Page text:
Off The Rails

Differing in both scope and treatment from the bulk of most summer theatrical fare, Fruitvale Station undertakes to deliver an unflinching look at the real-life tragedy befalling one Oscar Grant (Michael B. Jordan) on New Year’s Day, 2009. The African-American was shot and killed by transit police in the Fruitvale BART (Bay Area Rapid Transit) station located in Oakland, California. Numerous onlookers documented the event via cell phone cameras, and the imagery helped spark a firestorm that led to rallies, marches and riots over Grant’s fate.

In January, the feature won both the Grand Jury Prize and Audience Award at Sundance, and garnered further acclaim for director of photography Rachel Morrison, who this June received the Kodak Vision Award. The cinematographer, equally comfortable shooting digital and celluloid, had logged significant credits with Palo Alto, CA (Panavision Super 16), Sound of My Voice (Canon EOS 7D), Tim and Eric’s Billion Dollar Movie (RED ONE) and this year’s Some Girl(s) (ARRI ALEXA).

For Fruitvale Station, cinematographer Rachel Morrison (pictured with camera) shot mostly handheld in Super 16. According to Morrison, she wanted to put the audience in the main character’s shoes, experiencing the world through his eyes.

Morrison was recommended to director Ryan Coogler by Sundance Labs director Ilyse McKimmie. "We interviewed over Skype, which I usually find impersonal," she acknowledges, "but connected immediately and profoundly. It was very clear we wanted to tell the same story and would support each other doing so. This was a very unique scenario; our narrative was based around real events that only transpired four years ago, so all the actual locations still exist and are fully operational. The domestic scenes were shot in Ryan’s family’s homes. Many locations were much smaller than one would normally choose if one had the luxury of a location scout or shooting on sets. We really embraced all these parameters, and I think this is much of what lends to the authenticity of the narrative."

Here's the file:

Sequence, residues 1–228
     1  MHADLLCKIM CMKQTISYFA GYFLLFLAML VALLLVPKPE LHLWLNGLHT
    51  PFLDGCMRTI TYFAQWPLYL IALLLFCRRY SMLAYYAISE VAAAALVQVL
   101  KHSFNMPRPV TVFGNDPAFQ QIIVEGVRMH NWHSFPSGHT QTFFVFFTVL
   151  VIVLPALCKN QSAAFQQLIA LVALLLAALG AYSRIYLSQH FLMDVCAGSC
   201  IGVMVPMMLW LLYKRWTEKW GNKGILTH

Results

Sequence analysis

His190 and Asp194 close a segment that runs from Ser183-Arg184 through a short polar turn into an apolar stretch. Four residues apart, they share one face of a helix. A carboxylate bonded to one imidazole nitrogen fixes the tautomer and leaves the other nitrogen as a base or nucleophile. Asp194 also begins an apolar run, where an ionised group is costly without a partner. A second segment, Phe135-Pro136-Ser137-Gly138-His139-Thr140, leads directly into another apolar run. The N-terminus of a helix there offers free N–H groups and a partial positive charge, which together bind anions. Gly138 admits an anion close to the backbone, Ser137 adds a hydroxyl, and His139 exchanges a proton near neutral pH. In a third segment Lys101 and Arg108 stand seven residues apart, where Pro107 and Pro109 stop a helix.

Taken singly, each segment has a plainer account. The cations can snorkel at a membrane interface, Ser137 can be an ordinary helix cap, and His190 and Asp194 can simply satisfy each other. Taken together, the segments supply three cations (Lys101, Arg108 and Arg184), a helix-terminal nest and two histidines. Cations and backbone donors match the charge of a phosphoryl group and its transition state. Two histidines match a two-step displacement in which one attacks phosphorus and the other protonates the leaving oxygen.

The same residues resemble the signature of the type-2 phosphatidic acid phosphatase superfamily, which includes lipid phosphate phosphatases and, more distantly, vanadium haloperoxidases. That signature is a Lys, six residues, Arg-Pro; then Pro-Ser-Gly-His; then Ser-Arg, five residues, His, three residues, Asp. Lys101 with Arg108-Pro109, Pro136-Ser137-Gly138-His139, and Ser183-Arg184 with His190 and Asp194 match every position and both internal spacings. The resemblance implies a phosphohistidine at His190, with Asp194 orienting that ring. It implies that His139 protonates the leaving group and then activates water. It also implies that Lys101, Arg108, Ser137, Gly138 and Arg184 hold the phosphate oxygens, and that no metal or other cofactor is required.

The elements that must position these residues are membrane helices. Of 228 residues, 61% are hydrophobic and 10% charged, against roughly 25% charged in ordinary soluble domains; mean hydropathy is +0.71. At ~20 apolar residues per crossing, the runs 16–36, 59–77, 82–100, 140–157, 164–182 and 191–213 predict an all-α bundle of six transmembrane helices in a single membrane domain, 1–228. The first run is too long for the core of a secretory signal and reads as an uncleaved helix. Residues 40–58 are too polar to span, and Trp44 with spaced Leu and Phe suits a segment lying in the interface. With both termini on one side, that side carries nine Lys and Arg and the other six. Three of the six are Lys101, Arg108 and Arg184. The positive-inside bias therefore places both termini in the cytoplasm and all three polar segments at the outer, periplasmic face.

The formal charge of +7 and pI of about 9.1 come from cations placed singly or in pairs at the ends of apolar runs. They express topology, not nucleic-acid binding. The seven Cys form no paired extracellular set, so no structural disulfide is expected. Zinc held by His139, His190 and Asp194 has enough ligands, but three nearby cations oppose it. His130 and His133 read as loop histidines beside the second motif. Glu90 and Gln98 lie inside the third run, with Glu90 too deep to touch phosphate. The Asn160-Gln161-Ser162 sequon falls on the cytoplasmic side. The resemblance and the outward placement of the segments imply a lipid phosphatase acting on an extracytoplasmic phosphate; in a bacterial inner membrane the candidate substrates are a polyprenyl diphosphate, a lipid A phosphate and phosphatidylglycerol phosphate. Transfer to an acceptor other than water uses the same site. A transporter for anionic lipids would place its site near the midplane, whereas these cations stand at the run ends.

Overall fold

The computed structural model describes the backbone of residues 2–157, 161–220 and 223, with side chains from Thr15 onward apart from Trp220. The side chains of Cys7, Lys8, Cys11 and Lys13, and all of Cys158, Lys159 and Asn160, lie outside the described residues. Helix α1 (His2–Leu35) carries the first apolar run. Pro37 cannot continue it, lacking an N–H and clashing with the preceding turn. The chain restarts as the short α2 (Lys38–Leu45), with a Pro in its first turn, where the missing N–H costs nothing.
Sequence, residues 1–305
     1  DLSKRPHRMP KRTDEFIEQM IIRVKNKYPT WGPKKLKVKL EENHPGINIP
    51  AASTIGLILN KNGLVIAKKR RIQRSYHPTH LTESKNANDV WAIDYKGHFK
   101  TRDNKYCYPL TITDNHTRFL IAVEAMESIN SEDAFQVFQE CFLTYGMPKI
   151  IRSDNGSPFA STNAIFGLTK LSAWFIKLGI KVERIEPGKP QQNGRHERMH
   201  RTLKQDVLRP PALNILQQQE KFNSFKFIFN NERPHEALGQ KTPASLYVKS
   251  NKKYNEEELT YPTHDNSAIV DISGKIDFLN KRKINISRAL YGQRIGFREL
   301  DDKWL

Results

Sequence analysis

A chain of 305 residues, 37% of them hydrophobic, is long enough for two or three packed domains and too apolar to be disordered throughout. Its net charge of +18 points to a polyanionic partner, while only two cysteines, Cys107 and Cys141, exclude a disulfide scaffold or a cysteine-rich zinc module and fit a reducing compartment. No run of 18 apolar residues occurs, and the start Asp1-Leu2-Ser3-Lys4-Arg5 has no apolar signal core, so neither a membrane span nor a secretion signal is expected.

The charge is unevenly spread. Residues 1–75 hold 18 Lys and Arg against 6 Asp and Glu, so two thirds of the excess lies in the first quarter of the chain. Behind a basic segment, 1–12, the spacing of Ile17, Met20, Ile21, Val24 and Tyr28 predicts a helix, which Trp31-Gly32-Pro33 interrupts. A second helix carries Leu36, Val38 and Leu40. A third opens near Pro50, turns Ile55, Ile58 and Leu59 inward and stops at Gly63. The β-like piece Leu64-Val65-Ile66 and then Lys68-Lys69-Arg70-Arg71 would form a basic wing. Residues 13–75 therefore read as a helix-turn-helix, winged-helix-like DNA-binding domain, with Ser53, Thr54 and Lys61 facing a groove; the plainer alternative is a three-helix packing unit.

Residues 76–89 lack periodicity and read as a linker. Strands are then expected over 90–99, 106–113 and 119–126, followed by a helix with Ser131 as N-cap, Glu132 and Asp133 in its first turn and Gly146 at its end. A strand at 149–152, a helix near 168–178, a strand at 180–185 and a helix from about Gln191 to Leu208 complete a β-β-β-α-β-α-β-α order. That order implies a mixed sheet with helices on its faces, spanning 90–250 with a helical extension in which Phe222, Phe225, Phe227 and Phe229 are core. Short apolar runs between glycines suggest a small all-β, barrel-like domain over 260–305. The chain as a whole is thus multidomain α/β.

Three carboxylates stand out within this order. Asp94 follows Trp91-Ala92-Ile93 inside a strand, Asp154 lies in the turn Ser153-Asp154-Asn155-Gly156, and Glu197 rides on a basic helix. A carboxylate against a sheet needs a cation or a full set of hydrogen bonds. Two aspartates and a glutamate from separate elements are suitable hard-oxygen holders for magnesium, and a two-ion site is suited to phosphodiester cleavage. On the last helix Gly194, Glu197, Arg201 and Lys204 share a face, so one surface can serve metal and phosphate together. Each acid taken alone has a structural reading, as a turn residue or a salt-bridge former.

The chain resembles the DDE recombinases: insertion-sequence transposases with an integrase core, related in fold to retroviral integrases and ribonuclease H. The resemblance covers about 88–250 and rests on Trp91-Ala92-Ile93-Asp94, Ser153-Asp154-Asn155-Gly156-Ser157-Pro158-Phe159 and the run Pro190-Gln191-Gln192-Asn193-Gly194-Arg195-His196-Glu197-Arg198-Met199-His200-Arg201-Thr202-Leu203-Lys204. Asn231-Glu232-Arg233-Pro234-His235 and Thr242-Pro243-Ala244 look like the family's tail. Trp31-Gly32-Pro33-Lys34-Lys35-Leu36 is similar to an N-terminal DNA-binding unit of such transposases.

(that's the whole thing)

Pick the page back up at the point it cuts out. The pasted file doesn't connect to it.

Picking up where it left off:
The cinematographer’s take on this script suggested a handheld, exploratory visual approach. "We needed to put the audience in Oscar’s shoes, experiencing the world through his eyes," she continues. "[It] begged to be shot on film. Ryan and I agreed there wasn’t any other way to shoot this story, which had to feel organic and real. We wanted to call back to the tradition of ’60s and ’70s documentary in at least a subconscious way, which is why we decided on a visible granularity in the emulsion."

Morrison considered force-processed 2-perf 35mm, but the 2.35 aspect ratio lacked the necessary intimacy. "Ryan always liked Super 16, and while it made me nervous to forfeit some selective depth of field, in the end it was the best choice for the narrative because the added focus actually enhanced the role of the environment. The Bay Area is a rich and complex character itself, as is BART and its culpability in the events that transpired."

The director agreed with her notion to use wider lenses and sustained masters as a means to further explore the cityscape, and by way of contrast, they elected to employ longer lenses when focusing on the main character’s more reflective inner-directed moments. ARRI’s An Tran donated a camera package, including an ARRIFLEX 416, to production, provided by Gus Gustafson at ARRI CSC in New York.